Rooted in sustainability, regenerative agriculture is a system of farming that aims to restore and conserve the soil and environment in which crops are grown. It uses a holistic approach, creating a cycle of farming that enriches rather than degrades the soil, supports instead of getting rid of insects and other biodiversity, and builds an intricate system rather than simplifying it. As Golden State Grains, we hope to encourage California farmers to include grains in their farming system. Grains provide a myriad of benefits to a system, including being a successful overwintering crop and a source of protection from erosion and runoff post-harvest. Below we go in depth on the steps toward and benefits of regenerative agriculture.
Soil health is determined by the living and nonliving factors below ground. A variety of micro fauna exist, such as bacteria, fungi, and decomposers. These organisms run processes that are helpful to plant growth, like fixing nitrogen and aerating the soil.
When diversity of soil organisms exists, providing ecosystem services for the soil, plants will thrive and the farmer needs fewer synthetic additives like pesticides and fertilizer. The natural system takes care of itself.
Biodiversity above and below ground is crucial for successful agriculture. Biodiversity of the plants grown above ground improves the biodiversity of the soil because each plant requires a different set of time, space, and nutrients.
Variety in crops also breaks cycles of pest and disease infestation. In monocultures, pests and crops have similar lifecycles. In a diverse system, natural enemies to pests prevent outbreak, and field layout disallows disease from damaging entire fields.
Some practices of biodiversity in regenerative agriculture include multiple levels of growth, cover crops, and rotational crops.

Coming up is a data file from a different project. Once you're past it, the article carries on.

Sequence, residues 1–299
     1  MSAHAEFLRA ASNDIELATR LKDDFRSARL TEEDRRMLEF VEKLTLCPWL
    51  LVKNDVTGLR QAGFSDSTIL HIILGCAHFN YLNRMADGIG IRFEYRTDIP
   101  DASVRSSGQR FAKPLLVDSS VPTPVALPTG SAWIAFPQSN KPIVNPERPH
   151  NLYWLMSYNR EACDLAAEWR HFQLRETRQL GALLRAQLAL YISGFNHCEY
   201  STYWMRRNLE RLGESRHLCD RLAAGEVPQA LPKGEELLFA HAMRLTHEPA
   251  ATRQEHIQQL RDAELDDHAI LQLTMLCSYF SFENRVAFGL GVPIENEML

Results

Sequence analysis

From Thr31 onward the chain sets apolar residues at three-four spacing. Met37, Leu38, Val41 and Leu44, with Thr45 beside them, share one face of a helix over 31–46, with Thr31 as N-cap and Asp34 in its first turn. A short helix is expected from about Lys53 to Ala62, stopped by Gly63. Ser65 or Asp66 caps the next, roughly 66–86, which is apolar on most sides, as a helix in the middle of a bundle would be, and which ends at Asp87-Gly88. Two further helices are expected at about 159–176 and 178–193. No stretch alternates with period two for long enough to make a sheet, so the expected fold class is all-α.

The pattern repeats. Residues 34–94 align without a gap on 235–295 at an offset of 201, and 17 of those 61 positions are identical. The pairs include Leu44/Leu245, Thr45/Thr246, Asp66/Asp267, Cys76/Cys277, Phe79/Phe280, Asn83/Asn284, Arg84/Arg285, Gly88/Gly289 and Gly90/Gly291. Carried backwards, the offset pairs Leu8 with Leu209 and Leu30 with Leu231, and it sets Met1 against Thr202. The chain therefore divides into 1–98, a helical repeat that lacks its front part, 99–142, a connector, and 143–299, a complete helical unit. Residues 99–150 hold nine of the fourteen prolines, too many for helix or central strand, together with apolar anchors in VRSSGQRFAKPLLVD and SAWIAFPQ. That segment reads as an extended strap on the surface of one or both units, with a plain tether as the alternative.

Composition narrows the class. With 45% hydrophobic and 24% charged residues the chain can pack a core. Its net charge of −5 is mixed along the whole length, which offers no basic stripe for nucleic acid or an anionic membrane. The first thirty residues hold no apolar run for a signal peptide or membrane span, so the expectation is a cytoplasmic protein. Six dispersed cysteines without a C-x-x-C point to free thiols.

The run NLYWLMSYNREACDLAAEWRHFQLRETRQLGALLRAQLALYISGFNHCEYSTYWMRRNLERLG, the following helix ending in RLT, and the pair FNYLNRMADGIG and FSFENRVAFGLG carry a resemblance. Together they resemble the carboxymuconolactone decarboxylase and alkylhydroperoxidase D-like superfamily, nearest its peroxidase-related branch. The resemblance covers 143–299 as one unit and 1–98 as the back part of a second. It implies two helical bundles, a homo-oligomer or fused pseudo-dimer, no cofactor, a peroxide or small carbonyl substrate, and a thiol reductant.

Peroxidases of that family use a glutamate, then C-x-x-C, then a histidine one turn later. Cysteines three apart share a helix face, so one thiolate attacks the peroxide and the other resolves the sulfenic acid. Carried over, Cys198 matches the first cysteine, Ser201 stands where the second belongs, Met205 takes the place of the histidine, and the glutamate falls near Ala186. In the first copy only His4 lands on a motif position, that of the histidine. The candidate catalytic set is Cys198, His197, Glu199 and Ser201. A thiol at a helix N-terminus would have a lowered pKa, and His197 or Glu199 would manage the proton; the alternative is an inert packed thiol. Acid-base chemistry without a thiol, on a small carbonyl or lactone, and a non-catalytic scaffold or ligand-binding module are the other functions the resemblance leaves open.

For example, grains are often grown as overwintering crops. Especially advantageous when grown in succession with legumes, grains use nutrients from the soil later in the year when many other crops no longer need such a large amount. Straw left on the field post-harvest contributes carbon to the soil and is beneficial in reducing pests, soil erosion, and water runoff.
Regenerative agriculture depends on growing a myriad of crops on the same farm. The current food system favors monocultures in which large farms grow a small number of crops, each grown in large fields often surrounded by other large farms that are growing the same small number of crops. Monocultures are more vulnerable to pests and are less likely to regenerate healthy soil and protect the environment. We need to develop a supply chain that rewards growers who grow a variety of crops in the same space.
This supply chain needs to include growers, processors, and consumers. For grains this means seed suppliers, farmers, millers, bakers, and then consumers.
Instead of supporting commodity agriculture and mass marketing, shop local, shop small, and shop smart.
When fields are planted with the same crops year after year with no rotation and no variation, nutrients like nitrogen are unable to regenerate in the soil naturally. Without rotation and nature maintaining the needed nutrients, the only choice that remains is to chemically add what has been depleted. However, in regenerative agriculture, each crop in rotation also contributes something back to the soil, allowing the soil to be replenished naturally without severe depletion and artificial enrichment.
More biodiversity means more nutrients in the soil, which means more nutrients for the plant, which leads to a more nutritious crop. Regenerative agriculture not only improves soil and environmental health, but it also improves human health through a more nutritional diet.
To "regenerate" means to restore and create again. Therefore, the idea behind regenerative agriculture is the continuous renewal of soil, its nutrients, and its processes. Unlike in monoculture systems, where a new chemical cocktail is needed each year, a regenerative system pays the soil health forward year after year.
Rotating crops, keeping plant residues covering the soil, and refraining from tilling are all strategies aimed to regenerate successful crops. This allows growers to retain fields for agriculture instead of further desertifying it.
There is no final step in regenerative agriculture. Instead, it acts as a positive feedback loop that rebuilds from the soil up.